THE PEOPLE OF THE STATE OF NEW YORK v. JUSTIN NGE, Defendant.
The defendant, charged with Assault in the Third Degree (P.L. § 120.00(1)); Menacing in the Second Degree (P.L. § 120.14(1)); Criminal Possession of a Weapon in the Fourth Degree (P.L. § 265.01(2)); Attempted Assault in the Third Degree (P.L. §§ 110.00/120.00(1)); Menacing in the Third Degree (P.L. § 120.15); and Harassment in the Second Degree (P.L. § 240.26(1)); now moves for an order dismissing the information pursuant to C.P.L. § 30.30(1)(b).
After careful review of the defendant's motion, the People's response, and all relevant legal authority, the motion to dismiss is denied. The Court finds that 54 chargeable days have accrued since arraignment.
July 11, 2019 — August 13, 2019
On July 11, 2019, the defendant was arraigned on a misdemeanor complaint on which the highest charge was a Class A misdemeanor, punishable by a maximum imprisonment term of one year. Thus, the People had 90 days to be ready to proceed to trial. C.P.L. § 30.30(1)(b). The defendant was released on his own recognizance and the case was adjourned to August 13, 2019 for conversion. On August 6, 2019, the People served and filed a statement of readiness along with a supporting deposition from Shaughnessy Brown.
26 chargeable days.
August 13, 2019 — September 18, 2019
On August 13, 2019, the People maintained their readiness for trial and the case was adjourned for Discovery by Stipulation to September 18, 2019. Because adjournments for discovery are designated in the statute as "other proceedings concerning the defendant," this time period is excludable from the 30.30 calculation. See C.P.L. § 30.30(4)(a); People v. Dorilas, 19 Misc 3d 75 (App. Term 2d Dept. 2008).
0 chargeable days.
September 18, 2019 — October 16, 2019
On September 18, 2019, the People served discovery materials on the defendant and the case was adjourned to October 16, 2019 for hearings and trial. Under the rules for calculating speedy trial time as they existed in 2019, this adjournment is excludable pursuant to People v. Reed, 19 AD3d 312 (1st Dept. 2005); People v. Greene, 223 AD2d 474 (1st Dept. 1996). But see People v. Collins, 190 Misc 2d 72 (App. Term 2d Dept. 2001).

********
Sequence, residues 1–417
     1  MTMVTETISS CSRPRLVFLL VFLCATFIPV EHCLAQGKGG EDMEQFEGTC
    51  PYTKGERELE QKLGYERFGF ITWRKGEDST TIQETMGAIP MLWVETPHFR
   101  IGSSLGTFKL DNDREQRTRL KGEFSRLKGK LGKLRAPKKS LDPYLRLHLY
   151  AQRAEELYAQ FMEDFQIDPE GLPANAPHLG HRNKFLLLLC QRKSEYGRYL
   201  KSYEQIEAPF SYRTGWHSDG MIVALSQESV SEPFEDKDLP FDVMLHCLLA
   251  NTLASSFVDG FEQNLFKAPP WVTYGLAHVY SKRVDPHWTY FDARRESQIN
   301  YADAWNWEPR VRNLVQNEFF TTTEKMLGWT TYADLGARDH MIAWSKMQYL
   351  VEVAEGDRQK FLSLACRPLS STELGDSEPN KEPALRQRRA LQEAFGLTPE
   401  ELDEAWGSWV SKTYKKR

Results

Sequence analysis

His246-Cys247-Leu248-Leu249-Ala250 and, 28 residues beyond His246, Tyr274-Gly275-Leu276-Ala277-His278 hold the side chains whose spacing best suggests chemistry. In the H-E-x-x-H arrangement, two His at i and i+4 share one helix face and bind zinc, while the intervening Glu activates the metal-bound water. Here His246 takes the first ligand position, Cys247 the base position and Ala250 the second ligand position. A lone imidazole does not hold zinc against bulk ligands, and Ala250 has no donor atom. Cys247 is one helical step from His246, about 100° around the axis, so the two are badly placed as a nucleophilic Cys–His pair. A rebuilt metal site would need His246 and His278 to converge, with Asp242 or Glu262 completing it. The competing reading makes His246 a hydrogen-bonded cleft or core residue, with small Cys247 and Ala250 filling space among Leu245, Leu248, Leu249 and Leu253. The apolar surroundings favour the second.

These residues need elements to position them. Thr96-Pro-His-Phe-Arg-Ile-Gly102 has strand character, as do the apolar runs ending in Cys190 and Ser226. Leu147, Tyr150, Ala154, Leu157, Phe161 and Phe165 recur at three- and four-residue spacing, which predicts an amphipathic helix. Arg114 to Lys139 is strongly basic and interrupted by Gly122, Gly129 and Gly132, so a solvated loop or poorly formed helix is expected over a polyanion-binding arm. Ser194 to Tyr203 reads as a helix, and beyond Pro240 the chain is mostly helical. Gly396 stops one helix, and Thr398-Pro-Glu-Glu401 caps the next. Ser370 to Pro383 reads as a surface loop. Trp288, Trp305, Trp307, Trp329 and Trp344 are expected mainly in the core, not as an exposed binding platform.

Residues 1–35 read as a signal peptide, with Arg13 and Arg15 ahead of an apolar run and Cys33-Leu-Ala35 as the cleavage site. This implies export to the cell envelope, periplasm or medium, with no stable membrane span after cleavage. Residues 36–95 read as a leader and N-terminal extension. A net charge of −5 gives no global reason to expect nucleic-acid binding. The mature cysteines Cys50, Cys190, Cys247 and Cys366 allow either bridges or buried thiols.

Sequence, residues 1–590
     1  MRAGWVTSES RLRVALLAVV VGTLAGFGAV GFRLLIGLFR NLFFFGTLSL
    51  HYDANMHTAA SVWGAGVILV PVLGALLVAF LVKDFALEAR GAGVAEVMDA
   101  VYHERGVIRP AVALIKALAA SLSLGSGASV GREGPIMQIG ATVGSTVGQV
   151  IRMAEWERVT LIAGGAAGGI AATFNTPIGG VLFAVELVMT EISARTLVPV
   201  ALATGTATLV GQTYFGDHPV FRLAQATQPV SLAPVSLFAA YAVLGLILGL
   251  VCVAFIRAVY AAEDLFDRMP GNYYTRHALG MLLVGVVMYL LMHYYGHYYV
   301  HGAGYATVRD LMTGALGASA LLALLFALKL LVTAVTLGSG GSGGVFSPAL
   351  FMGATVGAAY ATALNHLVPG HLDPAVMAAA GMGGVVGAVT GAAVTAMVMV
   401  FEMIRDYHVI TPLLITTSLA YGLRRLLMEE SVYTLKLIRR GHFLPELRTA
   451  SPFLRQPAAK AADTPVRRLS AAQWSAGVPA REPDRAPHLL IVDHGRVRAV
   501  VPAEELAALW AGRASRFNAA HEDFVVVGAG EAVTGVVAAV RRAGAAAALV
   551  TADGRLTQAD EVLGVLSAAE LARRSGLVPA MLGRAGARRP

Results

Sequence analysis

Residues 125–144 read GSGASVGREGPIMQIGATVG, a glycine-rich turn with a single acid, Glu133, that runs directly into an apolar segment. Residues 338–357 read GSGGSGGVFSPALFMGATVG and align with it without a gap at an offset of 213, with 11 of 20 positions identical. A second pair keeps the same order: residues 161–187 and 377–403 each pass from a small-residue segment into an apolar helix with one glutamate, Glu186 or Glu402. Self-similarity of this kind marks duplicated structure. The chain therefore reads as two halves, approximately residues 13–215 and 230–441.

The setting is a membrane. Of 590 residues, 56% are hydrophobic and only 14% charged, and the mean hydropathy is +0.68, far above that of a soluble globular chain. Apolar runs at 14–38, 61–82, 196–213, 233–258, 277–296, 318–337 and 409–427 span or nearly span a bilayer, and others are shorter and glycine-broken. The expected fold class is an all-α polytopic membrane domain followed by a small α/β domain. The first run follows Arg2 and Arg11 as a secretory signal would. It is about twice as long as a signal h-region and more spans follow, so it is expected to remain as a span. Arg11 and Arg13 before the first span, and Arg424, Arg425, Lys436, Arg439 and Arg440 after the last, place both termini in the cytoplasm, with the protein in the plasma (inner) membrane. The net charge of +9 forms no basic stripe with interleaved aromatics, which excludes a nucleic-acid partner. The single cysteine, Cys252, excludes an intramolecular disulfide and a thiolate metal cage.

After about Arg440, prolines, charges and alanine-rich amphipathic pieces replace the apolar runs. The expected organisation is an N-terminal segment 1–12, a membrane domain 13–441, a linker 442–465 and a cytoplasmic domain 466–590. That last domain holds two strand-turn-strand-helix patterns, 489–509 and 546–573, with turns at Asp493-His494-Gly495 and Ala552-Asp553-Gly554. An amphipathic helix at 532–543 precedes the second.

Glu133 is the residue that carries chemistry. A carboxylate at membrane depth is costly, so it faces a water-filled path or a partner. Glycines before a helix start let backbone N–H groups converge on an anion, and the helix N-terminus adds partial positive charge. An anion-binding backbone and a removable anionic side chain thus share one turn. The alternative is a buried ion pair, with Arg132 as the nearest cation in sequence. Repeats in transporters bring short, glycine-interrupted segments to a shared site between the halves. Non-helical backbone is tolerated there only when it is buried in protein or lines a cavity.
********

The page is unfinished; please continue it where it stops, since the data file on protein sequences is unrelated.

0 chargeable days.
October 16, 2019 — October 30, 2019
On October 16, 2019, the People were not ready for trial because the arresting officer was not available and requested 13 days. The case was adjourned to October 30, 2019 for hearings and trial. Because the People had previously announced their readiness to proceed, they are not charged for the time period of the adjournment in excess of the time they requested. People v. Nielsen, 306 AD2d 500 (2d Dept. 2003); People v. Williams, 229 AD2d 603 (2d Dept. 1996).
13 chargeable days.
October 30, 2019 — December 5, 2019
On October 30, 2019, the People stated they were ready for trial. Defense counsel was not ready for trial and requested an adjournment, and also requested some outstanding discovery materials. The case was adjourned to December 5, 2019 for hearings and trial. Because this adjournment was at the request of defense counsel, it is excluded from the speedy trial calculation. C.P.L. § 30.30(4)(b); see also People v. Worley, 66 NY2d 523 (1985).
0 chargeable days.
December 5, 2019 — January 15, 2020